So I catch a ride with a guy named Brian, who drives a beat-up Hyundai Sonata. Brian says he’s seen several automated Ubers around town, but he can’t imagine a ride in them being as good as one with him. Brian then takes a wrong turn and gets completely lost. To be fair, though, he weaves through traffic just as well as a self-driving car. Also, when the map on his phone leads us to a bridge that’s closed for repairs, he simply asks a couple of road workers for directions and then improvises a new route. He’s friendly, too, offering to waive the fare and buy me a beer to make up for the inconvenience. It makes you realize that automated Ubers will offer a very different experience. Fewer wrong turns and overbearing drivers, yes, but also no one to help put your suitcase in the trunk or return a lost iPhone.

China manufacturing sector has often been characterised in the past as a clone shop and Josh Horwitz’s coverage of the copying of the Stikbox Kickstarter campaign suggests that the country hasn’t outgrown this yet.  Keyboardio’s visit to Shenzen in China provides a more sympathetic view of the country pointing to how seemingly any electronic device can be purchased at a knockdown price.

Analysis from the Financial Times points to China as being the source of the greatest share of the world’s merger and acquisition flows:
China dominates M&A flows

Turkish president Recep Tayyip Erdoğan’s crackdown after the attempted coup had me guessing that this was a false flag operation which Erdoğan was using as an opportunity to strengthen his hold on power. Dexter Filkin’s detailed profile of Fethullah Gülen and the Gülen movement suggests that Erdoğan’s claims weren’t simply hot air, although the impact has been to strengthen his hold on power:

The irony of the attempted coup is that Erdoğan has emerged stronger than ever. The popular uprising that stopped the plot was led in many cases by people who disliked Erdoğan only marginally less than they disliked the prospect of a military regime. But the result has been to set up Erdoğan and his party to rule, with nearly absolute authority, for as long as he wants. “Even before the coup attempt, we had concerns that the government and the President were approaching politics and governance in ways that were designed to lock in a competitive advantage—to insure you would have perpetual one-party rule,” the second Western diplomat said.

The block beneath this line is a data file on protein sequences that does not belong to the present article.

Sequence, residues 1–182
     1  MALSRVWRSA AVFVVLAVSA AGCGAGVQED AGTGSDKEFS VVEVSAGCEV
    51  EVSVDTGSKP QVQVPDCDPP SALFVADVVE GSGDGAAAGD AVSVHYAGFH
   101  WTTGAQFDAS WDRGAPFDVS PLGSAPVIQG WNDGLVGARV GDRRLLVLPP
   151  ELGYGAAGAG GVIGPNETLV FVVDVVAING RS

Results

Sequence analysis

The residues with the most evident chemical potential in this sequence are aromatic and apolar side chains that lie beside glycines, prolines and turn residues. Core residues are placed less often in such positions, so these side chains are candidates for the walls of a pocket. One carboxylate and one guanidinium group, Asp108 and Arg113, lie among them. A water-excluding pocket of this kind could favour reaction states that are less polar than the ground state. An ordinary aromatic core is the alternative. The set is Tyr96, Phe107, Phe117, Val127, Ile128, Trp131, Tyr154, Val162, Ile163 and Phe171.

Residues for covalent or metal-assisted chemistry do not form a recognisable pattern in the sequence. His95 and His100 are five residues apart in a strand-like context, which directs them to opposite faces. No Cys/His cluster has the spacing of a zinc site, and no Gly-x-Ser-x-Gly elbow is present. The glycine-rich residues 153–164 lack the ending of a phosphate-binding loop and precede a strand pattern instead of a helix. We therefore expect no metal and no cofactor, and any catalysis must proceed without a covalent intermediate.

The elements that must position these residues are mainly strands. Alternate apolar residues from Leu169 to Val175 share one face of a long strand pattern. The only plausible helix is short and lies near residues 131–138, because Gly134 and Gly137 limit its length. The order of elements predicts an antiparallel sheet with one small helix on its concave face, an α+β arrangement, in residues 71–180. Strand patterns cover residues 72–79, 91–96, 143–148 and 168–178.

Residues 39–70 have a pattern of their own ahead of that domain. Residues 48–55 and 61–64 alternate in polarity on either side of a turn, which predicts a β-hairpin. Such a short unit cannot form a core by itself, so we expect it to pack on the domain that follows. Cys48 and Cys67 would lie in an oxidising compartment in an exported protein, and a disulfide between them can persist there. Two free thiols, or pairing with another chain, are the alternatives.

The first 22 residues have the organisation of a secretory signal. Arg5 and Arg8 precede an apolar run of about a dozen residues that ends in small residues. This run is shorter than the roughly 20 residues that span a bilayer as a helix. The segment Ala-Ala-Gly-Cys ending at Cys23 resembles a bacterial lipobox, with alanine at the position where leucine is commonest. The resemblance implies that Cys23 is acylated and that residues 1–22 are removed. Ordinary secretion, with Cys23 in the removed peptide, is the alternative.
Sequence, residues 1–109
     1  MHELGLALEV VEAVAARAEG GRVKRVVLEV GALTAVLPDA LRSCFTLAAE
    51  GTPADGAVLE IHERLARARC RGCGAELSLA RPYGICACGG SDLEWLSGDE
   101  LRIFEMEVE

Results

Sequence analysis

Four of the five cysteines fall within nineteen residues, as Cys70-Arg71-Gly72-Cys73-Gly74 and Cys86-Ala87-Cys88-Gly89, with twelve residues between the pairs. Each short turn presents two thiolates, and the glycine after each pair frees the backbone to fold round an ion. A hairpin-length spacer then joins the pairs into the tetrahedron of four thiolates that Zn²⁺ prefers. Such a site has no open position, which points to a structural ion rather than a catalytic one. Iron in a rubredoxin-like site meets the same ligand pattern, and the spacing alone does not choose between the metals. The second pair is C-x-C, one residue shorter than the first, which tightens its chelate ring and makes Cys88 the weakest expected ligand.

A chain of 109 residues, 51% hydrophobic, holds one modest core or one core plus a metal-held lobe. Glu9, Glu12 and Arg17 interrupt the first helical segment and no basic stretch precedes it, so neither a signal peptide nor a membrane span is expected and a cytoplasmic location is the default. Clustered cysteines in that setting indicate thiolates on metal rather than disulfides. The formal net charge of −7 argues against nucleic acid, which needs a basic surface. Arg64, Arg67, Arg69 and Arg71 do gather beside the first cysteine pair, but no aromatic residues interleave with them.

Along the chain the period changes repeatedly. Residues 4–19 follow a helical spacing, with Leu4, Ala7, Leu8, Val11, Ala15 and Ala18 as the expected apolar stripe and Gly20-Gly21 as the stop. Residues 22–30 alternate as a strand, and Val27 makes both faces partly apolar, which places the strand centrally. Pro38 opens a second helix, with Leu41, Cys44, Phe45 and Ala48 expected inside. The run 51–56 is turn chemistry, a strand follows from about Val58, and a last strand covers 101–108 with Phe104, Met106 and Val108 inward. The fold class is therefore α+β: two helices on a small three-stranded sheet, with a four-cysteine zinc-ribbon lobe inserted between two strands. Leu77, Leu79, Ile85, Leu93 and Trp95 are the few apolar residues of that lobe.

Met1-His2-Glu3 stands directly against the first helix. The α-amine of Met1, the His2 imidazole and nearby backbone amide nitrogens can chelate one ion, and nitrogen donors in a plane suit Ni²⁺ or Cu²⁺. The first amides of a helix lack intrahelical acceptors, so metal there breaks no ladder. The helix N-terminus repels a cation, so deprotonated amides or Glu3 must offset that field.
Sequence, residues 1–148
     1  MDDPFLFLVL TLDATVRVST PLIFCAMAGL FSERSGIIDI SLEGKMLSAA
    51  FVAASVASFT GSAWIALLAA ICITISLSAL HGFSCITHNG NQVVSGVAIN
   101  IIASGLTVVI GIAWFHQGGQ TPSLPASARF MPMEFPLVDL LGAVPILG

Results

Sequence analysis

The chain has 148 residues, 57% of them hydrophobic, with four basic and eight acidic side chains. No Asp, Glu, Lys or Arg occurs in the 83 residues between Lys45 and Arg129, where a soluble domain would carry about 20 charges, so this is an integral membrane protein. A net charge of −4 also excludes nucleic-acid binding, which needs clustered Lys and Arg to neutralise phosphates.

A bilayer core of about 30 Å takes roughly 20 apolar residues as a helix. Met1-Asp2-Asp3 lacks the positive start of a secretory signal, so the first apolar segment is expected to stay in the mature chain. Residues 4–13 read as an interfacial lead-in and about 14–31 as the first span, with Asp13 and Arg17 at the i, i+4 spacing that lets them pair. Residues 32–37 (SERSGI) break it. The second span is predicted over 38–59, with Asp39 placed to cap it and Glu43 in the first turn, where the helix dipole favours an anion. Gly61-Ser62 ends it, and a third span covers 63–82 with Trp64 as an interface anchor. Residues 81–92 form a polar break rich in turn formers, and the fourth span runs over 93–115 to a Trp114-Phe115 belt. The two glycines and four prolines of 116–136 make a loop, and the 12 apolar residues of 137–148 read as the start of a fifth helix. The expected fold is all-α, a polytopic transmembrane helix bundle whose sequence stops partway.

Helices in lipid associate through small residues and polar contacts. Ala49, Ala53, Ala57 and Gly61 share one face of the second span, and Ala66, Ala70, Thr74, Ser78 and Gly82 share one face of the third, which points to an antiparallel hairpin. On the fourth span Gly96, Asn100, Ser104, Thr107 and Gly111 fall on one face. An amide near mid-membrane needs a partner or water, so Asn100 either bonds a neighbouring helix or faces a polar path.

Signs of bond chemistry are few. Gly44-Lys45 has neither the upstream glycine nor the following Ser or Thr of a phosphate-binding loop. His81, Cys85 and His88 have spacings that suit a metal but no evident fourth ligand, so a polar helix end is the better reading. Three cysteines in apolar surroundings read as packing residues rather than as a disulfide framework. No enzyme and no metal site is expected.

Like many Britons, I’ve been left trying to digest the impact that the Brexit referendum will have on our lives. Simon Head provides a valuable look at the financial fallout that will follow a hard Brexit that Theresa May is calling for:

It must now embark on a series of marathon negotiations with its EU ex-partners, certain only in the knowledge that the trading regime that will emerge from them may be far less favorable to business located in Britain than the one that exists now. It is hard to imagine a set of circumstances more likely to convince foreign businesses in Britain that they should act on their warnings to leave the country or reduce their presence there, and instead take up residence within the secure  confines of the Single European Market. The British economy and the British people will suffer the consequences.

Immigration proved one of the defining issues of the Brexit referendum. It’s interesting to compare foreign born population with those regions that chose to vote for leaving the European Union (no easy correlation):

Estimated population of the UK

The American elections are inevitably drawing comparisons with the Brexit referendum with the rise of a populist candidate whose campaigning clearly blurs the line between fact and fiction. Evan Osnos provides a look at what the world is likely to be facing should Donald Trump win the presidential election:

Modern Presidents have occasionally been constrained by isolated acts of disobedience by government officials. To confront terrorism, Trump has said, “you have to take out their families,” work on “closing that Internet up in some ways,” and use tactics that are “frankly unthinkable” and “a hell of a lot worse than waterboarding.” General Michael Hayden, a former head of the C.I.A. and of the National Security Agency, predicts that senior officers would refuse to carry out those proposals. “You are required not to follow an unlawful order,” he has said.